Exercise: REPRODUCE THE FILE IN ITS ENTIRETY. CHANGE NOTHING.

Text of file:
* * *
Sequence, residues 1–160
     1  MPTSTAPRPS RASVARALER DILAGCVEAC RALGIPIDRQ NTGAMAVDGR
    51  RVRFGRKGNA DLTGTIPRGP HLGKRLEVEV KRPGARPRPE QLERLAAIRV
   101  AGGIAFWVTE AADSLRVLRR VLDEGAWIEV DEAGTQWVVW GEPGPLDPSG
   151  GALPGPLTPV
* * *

Sequence, residues 1–160
     1  MPTSTAPRPS RASVARALER DILAGCVEAC RALGIPIDRQ NTGAMAVDGR
    51  RVRFGRKGNA DLTGTIPRGP HLGKRLEVEV KRPGARPRPE QLERLAAIRV
   101  AGGIAFWVTE AADSLRVLRR VLDEGAWIEV DEAGTQWVVW GEPGPLDPSG
   151  GALPGPLTPV